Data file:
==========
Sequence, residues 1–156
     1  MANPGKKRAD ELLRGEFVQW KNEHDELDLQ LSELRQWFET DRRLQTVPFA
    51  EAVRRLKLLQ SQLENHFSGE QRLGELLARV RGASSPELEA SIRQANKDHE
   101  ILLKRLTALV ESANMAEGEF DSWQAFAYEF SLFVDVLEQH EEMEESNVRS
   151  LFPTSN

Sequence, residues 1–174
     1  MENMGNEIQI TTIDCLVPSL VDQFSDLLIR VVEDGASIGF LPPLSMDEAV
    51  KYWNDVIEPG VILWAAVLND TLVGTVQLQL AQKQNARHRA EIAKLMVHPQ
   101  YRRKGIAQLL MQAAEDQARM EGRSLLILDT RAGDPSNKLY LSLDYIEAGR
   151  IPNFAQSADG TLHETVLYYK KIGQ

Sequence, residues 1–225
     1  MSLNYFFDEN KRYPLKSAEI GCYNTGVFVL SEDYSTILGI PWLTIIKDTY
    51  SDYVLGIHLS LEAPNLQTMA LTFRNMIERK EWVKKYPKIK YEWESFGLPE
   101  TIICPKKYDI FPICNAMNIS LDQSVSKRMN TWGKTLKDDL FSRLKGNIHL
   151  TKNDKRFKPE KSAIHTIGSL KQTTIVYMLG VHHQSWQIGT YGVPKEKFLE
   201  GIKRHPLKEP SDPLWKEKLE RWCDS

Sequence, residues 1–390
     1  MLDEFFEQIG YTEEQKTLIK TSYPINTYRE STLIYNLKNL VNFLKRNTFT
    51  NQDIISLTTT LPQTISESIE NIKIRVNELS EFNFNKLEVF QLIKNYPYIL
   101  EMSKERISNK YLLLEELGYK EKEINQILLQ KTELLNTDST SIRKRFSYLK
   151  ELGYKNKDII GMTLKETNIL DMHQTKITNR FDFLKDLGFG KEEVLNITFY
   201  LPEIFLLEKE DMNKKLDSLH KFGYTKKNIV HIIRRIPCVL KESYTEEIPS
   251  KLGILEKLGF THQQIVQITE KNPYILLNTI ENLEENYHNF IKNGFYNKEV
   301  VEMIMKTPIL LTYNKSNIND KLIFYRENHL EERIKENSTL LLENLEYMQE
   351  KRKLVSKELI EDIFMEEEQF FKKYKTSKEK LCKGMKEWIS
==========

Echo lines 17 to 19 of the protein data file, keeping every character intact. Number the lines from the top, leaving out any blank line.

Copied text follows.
Sequence, residues 1–390
     1  MLDEFFEQIG YTEEQKTLIK TSYPINTYRE STLIYNLKNL VNFLKRNTFT
    51  NQDIISLTTT LPQTISESIE NIKIRVNELS EFNFNKLEVF QLIKNYPYIL